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Light-Intensity Physical Activity and Life Expectancy: National Health and Nutrition Survey

      Introduction

      Quantifying the years of life gained associated with light-intensity physical activity may be important for risk communication in public health. Because no studies have examined the role of light-intensity physical activity in life expectancy, this study aims to quantify the years of life gained from light-intensity physical activity in a population-based U.S. sample.

      Methods

      This study used data from 6,636 participants in the National Health and Nutrition Examination Survey (2003–2006). Analyses were conducted in 2020. Light-intensity physical activity was categorized into low, medium, and high on the basis of tertiles, and survival models were applied to estimate the years of life gained from each light-intensity physical activity group. Analyses were repeated in participants with moderate-to-vigorous physical activity above or below the median.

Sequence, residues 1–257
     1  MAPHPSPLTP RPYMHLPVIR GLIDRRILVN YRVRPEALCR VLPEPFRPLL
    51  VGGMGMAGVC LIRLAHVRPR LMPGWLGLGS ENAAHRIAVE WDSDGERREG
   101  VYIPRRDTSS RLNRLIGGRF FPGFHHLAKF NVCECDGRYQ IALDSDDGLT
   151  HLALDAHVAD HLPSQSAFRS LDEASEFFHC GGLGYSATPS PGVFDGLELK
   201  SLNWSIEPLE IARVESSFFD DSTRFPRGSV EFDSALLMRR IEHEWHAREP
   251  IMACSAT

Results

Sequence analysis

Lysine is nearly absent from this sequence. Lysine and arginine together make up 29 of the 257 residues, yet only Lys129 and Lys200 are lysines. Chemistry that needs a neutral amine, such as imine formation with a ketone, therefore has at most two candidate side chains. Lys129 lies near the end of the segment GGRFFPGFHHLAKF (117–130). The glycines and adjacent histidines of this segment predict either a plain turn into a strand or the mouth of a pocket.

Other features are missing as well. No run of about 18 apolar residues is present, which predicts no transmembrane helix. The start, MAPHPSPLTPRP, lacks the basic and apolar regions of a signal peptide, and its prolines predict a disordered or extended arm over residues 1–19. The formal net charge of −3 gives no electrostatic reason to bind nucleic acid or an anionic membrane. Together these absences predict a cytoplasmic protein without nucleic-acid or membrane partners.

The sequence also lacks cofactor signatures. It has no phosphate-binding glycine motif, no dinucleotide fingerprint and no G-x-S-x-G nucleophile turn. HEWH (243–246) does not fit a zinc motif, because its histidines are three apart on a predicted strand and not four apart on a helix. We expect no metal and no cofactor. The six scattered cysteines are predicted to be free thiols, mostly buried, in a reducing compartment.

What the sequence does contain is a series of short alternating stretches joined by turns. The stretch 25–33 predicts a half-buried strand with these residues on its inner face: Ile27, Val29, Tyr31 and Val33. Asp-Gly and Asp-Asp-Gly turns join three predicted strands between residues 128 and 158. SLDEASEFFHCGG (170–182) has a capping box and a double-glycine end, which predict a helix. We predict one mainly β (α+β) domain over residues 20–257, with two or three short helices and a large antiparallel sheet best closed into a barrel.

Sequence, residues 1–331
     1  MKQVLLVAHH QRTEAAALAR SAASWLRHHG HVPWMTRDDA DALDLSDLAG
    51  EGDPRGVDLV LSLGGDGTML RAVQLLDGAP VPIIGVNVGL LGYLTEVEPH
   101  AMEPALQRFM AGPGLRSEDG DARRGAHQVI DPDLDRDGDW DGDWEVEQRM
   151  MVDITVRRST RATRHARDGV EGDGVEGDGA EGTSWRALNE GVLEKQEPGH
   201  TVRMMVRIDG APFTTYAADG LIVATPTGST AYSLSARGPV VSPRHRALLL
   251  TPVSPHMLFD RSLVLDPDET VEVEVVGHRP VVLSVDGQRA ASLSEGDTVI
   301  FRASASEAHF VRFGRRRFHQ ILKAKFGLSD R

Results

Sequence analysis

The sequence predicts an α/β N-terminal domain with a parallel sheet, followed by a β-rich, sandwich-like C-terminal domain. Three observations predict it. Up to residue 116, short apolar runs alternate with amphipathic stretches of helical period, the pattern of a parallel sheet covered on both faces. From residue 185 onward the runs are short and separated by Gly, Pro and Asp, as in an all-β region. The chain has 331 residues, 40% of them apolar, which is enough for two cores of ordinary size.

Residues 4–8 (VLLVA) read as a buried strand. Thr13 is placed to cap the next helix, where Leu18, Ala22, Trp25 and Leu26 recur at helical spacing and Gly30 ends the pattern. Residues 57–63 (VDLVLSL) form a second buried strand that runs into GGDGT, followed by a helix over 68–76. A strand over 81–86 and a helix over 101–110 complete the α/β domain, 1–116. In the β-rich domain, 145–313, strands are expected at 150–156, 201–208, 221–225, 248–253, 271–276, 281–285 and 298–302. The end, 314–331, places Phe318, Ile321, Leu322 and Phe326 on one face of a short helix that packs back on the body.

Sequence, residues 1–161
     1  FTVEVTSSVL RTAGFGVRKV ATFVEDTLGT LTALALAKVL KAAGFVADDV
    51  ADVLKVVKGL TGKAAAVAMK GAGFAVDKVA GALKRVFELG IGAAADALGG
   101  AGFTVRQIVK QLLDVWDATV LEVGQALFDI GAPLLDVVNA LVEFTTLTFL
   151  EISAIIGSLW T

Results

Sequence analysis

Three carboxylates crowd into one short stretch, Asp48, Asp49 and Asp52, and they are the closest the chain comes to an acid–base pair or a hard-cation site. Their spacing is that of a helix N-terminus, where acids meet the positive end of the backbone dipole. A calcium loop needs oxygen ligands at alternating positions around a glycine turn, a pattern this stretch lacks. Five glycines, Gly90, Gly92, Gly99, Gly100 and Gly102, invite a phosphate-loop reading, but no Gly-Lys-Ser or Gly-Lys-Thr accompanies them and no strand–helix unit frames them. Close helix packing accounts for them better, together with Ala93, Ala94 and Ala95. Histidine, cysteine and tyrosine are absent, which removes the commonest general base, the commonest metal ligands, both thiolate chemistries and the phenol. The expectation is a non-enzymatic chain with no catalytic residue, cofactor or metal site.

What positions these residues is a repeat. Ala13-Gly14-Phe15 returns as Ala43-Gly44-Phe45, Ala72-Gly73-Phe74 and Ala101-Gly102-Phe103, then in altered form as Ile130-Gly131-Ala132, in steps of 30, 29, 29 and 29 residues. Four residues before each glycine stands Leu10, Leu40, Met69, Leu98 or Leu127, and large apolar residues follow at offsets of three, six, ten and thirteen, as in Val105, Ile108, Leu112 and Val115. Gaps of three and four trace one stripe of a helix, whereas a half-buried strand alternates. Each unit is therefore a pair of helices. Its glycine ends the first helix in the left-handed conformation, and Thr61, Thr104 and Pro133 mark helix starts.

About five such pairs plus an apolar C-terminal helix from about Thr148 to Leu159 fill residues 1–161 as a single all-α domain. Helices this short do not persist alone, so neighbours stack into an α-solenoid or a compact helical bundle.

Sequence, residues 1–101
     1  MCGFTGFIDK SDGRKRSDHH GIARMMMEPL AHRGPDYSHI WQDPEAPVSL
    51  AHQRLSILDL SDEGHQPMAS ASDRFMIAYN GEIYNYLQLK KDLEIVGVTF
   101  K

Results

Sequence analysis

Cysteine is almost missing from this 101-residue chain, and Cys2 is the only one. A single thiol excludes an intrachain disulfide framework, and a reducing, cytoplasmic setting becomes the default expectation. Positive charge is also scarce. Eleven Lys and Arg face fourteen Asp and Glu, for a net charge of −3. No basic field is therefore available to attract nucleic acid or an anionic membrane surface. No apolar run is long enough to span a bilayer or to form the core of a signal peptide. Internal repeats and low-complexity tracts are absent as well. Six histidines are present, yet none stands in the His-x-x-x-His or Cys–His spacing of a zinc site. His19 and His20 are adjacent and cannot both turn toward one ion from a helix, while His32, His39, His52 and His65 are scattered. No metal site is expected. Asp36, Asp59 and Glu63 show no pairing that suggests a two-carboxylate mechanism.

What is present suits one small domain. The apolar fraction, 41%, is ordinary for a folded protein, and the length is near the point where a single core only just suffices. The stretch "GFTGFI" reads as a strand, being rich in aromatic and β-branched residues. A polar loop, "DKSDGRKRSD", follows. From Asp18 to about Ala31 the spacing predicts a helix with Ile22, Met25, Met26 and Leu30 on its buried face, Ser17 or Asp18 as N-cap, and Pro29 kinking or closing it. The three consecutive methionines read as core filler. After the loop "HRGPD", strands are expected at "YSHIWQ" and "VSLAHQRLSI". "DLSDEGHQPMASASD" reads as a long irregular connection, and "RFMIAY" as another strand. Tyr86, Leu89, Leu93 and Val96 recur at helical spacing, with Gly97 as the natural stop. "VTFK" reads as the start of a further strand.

Results

      During a mean follow-up of 11 years and at 55,520 person-years, 994 deaths were recorded. At age 20 years, participants with low, medium, and high light-intensity physical activity had a predicted life expectancy of 53.92 (95% CI=46.66, 61.18), 58.16 (95% CI=52.10, 65.22), and 58.44 (95% CI=51.29, 65.60) years, suggesting significant years of life gained from medium and high levels of light-intensity physical activity of 2.89 (95% CI=0.90, 4.12) and 3.07 (95% CI=0.84, 5.30) years. The corresponding years of life gained at age 45 years and 65 years were 2.51 (95% CI=0.40, 5.47) and 1.52 (95% CI=0.54, 2.50) years for the medium light-intensity physical activity group and 2.66 (95% CI=0.80, 4.52) and 1.62 (95% CI=0.49, 52.75) years for the high light-intensity physical activity group. This association was significant in participants with moderate-to-vigorous physical activity below the median but not for those with moderate-to-vigorous physical activity above the median.

      Conclusions

      Light-intensity physical activity may extend life expectancy. Given the low prevalence of moderate-to-vigorous physical activity in populations, physical activity promotion efforts may capitalize on emerging evidence on light-intensity physical activity, particularly among the most inactive groups.
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